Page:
By 2020 we expect up to 25% of research funds to be devoted to new energy solutions & energy efficiency.
Aiming to achieve annual CO2 emission reductions of 3 million tonnes by 2030 compared to 2017.
By 2030 new energy has the potential to constitute around 15-20% of investments/annual capex.
A core element of our business strategy is to embrace the energy transition and embed our response to climate change into the heart of our operations and processes. One of our main efforts is to reduce emissions from our ongoing operations and future projects.
One of our biggest successes so far in emission reduction has come from initiatives to stop flaring. Statoil will eliminate continuous production flaring in our operations altogether by 2030, in line with the World Bank Zero Routine Flaring by 2030 initiative. In 2016, we reduced flaring volumes at our Bakken onshore gas field in the US by around 15% compared to 2015 levels.
For our offshore operations in Norway we have a target to avoid a total of 1.2 million tonnes of CO2 emissions by 2020, compared to 2008, through the implementation of energy efficiency projects. This target was raised from 800,000 tonnes of CO2, when we reached the initial goal for 2020 five years early.
We are increasing our efforts to track and reduce methane emissions throughout the natural gas value chain, from oil and gas extraction, to processing and distribution. Methane is a powerful greenhouse gas, which has a shorter lifetime in the atmosphere than CO2, but a warming potential that is about 25 times higher over a 100-year time horizon, and about 86 times greater over a 20-year period.
We are raising our standards to reduce CO2 emissions from logistics solutions in the industry. We have already reduced emissions by nearly 30% compared to 2011, supporting our goal to be the most carbon-efficient producer of oil and gas.
Our climate roadmap includes our increasing business within new energy solutions. Some of our efforts are already producing energy for thousands of households, while some are being developed. Our ambition is to scale up investments in profitable new energy solutions, to gradually complement our oil and gas portfolio.
Statoil has been actively involved in offshore wind projects for more than ten years and aims to develop profitable projects in selected markets. To date we have invested around USD 2.3 billion, using our offshore experience to develop large scale wind farms and innovative floating platform technology that facilitates wind power in deep-water areas.
Statoil has long been a pioneer in carbon capture and storage (CCS) — operating some of the largest projects worldwide. Statoil is developing the CO2 storage part of a full CCS value chain, currently being created in Norway through public-private partnerships. This will be the first storage site in the world receiving CO2 from several industrial sources.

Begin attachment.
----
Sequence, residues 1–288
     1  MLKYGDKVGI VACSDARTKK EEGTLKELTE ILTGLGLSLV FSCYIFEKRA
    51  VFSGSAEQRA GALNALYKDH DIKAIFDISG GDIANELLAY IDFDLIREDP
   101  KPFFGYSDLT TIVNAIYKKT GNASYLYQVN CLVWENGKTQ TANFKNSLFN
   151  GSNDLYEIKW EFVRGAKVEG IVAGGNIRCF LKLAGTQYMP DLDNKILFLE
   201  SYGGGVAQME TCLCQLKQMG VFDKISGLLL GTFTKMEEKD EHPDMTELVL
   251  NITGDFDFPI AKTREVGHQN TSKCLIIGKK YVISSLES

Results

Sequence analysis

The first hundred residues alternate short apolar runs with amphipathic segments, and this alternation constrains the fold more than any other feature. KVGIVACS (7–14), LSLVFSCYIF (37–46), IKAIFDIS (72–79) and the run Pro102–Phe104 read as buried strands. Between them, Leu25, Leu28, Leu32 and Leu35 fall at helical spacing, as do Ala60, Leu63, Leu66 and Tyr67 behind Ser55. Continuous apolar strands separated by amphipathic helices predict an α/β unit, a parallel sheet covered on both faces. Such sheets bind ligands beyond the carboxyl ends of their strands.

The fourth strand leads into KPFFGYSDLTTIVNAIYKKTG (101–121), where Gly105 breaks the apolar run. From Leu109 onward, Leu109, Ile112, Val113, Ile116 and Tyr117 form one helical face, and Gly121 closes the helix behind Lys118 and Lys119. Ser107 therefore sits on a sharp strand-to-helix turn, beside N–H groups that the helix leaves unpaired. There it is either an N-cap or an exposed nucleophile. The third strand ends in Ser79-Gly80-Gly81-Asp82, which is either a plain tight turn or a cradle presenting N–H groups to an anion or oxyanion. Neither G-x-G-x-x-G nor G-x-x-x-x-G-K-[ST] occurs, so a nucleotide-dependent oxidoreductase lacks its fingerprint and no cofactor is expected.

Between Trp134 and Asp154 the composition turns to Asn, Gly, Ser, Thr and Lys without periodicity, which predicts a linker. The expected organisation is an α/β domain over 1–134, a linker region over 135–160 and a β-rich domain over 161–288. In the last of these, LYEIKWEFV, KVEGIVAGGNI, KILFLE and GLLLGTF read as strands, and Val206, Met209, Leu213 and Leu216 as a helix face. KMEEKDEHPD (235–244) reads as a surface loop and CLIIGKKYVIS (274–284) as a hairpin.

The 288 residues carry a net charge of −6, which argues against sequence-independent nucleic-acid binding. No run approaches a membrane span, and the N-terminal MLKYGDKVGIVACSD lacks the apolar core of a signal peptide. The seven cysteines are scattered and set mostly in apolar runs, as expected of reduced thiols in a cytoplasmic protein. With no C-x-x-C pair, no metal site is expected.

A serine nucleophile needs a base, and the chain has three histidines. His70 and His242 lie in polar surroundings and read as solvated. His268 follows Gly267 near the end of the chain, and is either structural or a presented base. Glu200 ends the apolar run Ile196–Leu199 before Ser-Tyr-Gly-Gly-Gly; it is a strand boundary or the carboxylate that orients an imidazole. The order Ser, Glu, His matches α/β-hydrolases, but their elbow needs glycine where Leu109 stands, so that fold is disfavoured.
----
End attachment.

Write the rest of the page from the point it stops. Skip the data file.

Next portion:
By exploring new low carbon opportunities, we aim to be at the forefront of developments in the energy market. We aim to devote up to 25% of our research spending to new energy solutions and emission reduction efforts by 2020.
Statoil has long been a pioneer in carbon capture and storage (CCS), currently the main technology for decarbonising fossil fuels. We operate some of the largest projects worldwide, capturing and storing more than 20 million tonnes of CO2 to date at Sleipner and Snøhvit in Norway. In our research, we aim to contribute to the development of commercial scale CCS projects.
We look for opportunities to create synergies between renewables and the oil and gas value chain. For example converting gas to hydrogen, while capturing and storing the CO2, as a potential way to help our customers in the power and heating sectors meet their climate targets. It is still early days for hydrogen, but we see this is an exciting opportunity for natural gas in the future.
Climate considerations are integrated in our vision, strategy and performance management. Both our corporate executive committee and our board of directors frequently discuss the business risks and opportunities associated with climate change, including regulatory, market, technological and physical risk factors.
We have created a range of short, medium and long-term targets designed to measure progress and incentivise performance across the entire company—starting at the top. We have also introduced a set of stringent decision criteria to ensure we consider relevant climate risk factors in all future investment decisions, and set an internal carbon price of at least USD50 per tonne of CO2 for all projects.
To reduce the carbon intensity of our overall portfolio, we have set an ambitious CO2 intensity target and introduced a number of new principles to reach it. As a result, some resources will not have a place in our future strategy.